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Fair Trade Movement between Developed and Developing Countries - Research Paper Example

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From the paper "Fair Trade Movement between Developed and Developing Countries" it is clear that the fair – trade movement has been one of the most constant and most unwavering criticisms of the World Bank and International Monetary Fund’s (IMF) policies of deregulating barriers to trade…
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Fair Trade Movement between Developed and Developing Countries
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Download file to see previous pages It is the case that the effectiveness of both the World Bank and the IMF are criticised because of its failure to further stand for the concerns of the developing world, including the interests for greater equity in trade (Share the World’s Resources (STWR), no date). Nonetheless, both these Bretton Woods Institutions together with the fair – trade movement are supposed means to reduce the poverty occurring globally. With the contextualisation of the background of this research investigation, basically, the paradoxical function of fair – trade movement is observed. In this regard, the key question that frames this study is what really the function of the fair – trade movement is as a catalyst for reducing poverty. There is a point of view suggesting that the fair – trade as a social movement only serves a function of being an extension of the policies of both the World Bank and IMF.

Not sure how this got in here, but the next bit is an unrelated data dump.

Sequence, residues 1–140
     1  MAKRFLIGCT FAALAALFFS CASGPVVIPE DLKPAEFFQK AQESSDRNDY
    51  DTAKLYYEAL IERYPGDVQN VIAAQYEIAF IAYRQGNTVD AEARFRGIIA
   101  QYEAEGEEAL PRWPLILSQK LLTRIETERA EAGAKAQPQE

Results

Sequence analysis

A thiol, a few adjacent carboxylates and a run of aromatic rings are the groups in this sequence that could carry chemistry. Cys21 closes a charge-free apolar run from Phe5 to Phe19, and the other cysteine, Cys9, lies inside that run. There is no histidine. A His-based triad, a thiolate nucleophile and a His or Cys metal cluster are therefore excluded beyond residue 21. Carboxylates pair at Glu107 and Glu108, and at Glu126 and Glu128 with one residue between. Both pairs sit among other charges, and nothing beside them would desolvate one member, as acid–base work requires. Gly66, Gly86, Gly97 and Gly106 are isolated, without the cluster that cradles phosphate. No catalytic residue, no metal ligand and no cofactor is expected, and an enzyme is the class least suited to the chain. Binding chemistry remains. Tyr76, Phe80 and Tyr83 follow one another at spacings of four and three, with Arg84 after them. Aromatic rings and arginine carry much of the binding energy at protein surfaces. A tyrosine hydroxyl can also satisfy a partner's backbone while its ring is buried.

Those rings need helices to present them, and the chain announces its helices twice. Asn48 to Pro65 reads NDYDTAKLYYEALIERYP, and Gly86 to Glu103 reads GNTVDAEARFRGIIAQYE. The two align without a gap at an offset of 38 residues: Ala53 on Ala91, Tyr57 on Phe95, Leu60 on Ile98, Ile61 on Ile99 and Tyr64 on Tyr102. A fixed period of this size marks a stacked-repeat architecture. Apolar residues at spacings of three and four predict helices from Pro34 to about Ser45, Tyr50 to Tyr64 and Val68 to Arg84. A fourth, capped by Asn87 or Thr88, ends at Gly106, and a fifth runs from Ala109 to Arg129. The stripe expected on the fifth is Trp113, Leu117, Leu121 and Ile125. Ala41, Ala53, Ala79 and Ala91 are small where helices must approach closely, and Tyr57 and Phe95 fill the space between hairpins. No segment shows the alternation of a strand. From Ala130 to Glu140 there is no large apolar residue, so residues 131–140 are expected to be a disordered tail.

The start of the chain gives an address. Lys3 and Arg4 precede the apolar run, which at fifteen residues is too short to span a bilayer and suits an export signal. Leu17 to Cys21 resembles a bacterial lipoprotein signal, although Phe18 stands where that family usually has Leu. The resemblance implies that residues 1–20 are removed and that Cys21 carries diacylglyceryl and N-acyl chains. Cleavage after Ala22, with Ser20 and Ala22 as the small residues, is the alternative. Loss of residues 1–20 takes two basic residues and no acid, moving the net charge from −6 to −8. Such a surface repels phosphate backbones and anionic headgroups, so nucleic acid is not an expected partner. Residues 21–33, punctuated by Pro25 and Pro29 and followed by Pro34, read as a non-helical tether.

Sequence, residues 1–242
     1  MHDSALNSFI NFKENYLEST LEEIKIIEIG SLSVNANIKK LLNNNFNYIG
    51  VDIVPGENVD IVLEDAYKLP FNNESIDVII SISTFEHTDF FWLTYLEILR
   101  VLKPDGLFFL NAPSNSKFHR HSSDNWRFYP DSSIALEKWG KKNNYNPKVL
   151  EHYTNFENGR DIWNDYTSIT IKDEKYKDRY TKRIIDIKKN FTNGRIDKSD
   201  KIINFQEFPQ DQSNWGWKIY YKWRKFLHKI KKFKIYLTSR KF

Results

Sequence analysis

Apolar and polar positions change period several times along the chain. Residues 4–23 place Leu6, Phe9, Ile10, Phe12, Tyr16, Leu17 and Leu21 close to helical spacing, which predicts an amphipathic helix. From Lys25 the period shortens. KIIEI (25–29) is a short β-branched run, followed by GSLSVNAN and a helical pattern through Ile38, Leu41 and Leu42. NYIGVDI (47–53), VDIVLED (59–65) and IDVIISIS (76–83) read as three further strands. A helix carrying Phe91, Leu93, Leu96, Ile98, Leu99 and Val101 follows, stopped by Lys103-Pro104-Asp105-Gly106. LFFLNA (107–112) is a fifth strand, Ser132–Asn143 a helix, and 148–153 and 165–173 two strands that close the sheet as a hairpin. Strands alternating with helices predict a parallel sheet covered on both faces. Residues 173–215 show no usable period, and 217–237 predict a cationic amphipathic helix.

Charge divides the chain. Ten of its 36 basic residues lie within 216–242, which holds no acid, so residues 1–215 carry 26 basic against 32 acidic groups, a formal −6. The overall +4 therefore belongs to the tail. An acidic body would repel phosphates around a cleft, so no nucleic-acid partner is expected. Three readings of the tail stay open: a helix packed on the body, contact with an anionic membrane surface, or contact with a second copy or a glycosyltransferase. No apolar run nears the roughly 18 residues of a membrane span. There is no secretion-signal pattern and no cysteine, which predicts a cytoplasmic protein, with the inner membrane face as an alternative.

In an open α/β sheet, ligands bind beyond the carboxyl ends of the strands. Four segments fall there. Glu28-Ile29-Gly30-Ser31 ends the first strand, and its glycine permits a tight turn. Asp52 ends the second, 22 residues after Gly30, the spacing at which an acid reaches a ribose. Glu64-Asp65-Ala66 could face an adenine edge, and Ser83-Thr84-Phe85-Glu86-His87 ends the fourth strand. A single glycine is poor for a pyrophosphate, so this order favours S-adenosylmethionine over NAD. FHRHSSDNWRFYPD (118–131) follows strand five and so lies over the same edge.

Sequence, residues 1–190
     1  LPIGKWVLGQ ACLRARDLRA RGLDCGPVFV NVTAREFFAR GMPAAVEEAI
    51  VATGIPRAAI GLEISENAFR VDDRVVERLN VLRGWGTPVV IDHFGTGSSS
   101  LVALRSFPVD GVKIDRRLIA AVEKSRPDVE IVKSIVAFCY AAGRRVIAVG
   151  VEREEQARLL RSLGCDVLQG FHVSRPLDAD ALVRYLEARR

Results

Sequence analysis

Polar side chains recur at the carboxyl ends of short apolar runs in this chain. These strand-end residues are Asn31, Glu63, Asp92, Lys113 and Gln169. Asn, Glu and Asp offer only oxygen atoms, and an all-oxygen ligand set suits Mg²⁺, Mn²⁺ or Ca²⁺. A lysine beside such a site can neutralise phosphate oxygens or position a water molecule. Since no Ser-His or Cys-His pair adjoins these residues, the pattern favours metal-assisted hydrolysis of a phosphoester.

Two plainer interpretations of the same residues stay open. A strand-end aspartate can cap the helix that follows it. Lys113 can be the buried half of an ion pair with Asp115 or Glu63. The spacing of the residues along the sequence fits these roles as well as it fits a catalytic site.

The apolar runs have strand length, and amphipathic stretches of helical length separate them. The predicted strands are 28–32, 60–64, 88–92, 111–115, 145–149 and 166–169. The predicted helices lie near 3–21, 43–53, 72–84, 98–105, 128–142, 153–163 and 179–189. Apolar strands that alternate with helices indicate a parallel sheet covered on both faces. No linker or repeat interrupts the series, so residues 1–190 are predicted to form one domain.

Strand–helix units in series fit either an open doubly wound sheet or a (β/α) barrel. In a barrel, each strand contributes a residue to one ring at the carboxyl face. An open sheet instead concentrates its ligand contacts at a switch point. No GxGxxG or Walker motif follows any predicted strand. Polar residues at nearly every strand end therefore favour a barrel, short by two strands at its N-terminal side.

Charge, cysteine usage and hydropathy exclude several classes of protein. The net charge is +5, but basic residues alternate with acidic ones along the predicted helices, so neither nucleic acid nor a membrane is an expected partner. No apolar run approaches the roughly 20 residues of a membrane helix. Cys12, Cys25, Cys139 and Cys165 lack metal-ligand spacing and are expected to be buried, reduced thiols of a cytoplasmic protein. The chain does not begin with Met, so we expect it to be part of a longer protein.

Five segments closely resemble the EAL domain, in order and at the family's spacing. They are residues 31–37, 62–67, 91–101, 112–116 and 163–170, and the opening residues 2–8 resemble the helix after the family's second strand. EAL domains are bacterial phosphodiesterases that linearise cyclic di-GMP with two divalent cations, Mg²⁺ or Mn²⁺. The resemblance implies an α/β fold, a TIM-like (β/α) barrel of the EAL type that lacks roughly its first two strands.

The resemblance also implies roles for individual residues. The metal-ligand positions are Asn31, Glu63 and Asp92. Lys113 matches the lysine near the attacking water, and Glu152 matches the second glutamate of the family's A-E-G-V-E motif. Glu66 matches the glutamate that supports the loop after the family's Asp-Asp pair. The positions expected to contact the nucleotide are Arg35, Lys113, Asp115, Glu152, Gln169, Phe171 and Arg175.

On the one hand, another vantage point proposes that this fair – trade does constitute a real alternative to the “Washington Consensus”. Given these contradicting points of view, this paper considers the need to critically review, analyse, understand and explain what really the role of the fair – trade it serves. Meanwhile, this paper mainly delves at discussing the function of the fair – trade movement in relation to the World Bank and IMF. In order to further understand the focus of this paper, it intends to specifically obtain the following information. First, it points out to establishing what the functions of the World Bank and IMF are. Second, it seeks to grasp an understanding of the Washington Consensus. Third, it wants to analytically determine how the fair – trade movement is currently doing between the developed and developing nations. Through rooting out and analysing such data, it can finally discuss whether fair – trade is an extension of the World Bank and IMF’s policies or if it constitutes a real alternative to the Washington Consensus. ...Download file to see next pages Read More
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